New analysis of a well-preserved DNA sample taken from a 52,000-year-old Neanderthal bone fragment found in a cave in northern Croatia has identified gene variants that are still present in modern humans. The variants include genes associated with plasma levels of LDL cholesterol and vitamin D, eating disorders, fat accumulation, rheumatoid arthritis, and schizophrenia, among others. The study, conducted by researchers at the Max Planck Institute for Evolutionary Anthropology in Leipzig, Germany, marks the second time that a Neanderthal genome has been fully sequenced with a high level of detail.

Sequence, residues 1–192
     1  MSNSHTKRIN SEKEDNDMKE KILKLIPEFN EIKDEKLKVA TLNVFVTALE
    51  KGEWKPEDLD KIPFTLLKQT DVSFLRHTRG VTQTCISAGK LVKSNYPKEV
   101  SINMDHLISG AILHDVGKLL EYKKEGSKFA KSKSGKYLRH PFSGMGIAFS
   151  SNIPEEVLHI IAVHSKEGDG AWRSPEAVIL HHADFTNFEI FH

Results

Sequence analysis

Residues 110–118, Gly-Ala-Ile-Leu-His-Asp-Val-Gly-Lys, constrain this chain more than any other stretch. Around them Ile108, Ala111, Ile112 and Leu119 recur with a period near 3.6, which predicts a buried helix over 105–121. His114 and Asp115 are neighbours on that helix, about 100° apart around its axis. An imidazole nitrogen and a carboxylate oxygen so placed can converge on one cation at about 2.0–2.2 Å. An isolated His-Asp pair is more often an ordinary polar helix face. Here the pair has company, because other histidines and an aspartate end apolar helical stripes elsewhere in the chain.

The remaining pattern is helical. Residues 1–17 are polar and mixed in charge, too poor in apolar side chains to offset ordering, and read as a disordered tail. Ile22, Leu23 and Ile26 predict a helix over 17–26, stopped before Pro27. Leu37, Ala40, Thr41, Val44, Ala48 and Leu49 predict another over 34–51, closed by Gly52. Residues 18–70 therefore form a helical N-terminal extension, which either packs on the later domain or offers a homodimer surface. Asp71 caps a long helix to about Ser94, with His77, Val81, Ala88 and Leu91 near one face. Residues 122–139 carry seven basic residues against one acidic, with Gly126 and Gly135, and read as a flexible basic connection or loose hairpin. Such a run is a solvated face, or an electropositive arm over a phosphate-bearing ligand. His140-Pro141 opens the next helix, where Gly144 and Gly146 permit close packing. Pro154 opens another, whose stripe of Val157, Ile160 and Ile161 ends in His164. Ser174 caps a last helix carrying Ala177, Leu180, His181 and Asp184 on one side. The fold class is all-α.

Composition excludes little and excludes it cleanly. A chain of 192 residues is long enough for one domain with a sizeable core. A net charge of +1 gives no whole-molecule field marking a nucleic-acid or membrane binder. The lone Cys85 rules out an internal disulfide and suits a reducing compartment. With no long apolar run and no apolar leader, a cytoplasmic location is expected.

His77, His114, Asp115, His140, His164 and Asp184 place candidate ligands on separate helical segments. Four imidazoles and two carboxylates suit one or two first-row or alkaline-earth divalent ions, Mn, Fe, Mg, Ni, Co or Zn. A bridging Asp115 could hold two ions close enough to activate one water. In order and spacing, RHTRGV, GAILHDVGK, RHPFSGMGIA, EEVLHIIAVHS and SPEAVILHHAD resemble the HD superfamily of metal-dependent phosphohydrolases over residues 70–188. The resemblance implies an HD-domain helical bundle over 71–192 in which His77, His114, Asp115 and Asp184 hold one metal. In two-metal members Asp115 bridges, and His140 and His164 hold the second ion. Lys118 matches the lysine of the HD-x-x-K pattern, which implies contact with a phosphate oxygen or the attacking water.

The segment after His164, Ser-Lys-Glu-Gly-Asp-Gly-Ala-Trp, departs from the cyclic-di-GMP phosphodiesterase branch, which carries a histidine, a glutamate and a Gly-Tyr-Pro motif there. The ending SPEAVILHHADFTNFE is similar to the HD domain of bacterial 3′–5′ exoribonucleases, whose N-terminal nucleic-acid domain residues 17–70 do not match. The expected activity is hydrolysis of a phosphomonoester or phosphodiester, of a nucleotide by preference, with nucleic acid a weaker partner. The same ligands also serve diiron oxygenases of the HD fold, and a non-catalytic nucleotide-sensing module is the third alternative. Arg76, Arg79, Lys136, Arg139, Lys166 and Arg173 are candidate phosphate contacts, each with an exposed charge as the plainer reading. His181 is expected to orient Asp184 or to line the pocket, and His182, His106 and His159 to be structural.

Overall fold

Your relatives were Neanderthals:
- “This adds to mounting evidence that Neanderthal ancestry influences disease risk in present-day humans,” the researchers said.
- The analysis confirms that for modern humans of non-African ancestry, as much as 2.6 percent of the genome is made up of Neanderthal DNA.
- Scientists believe that Neanderthals may have mated with Homo sapiens as early as 130,000 years ago.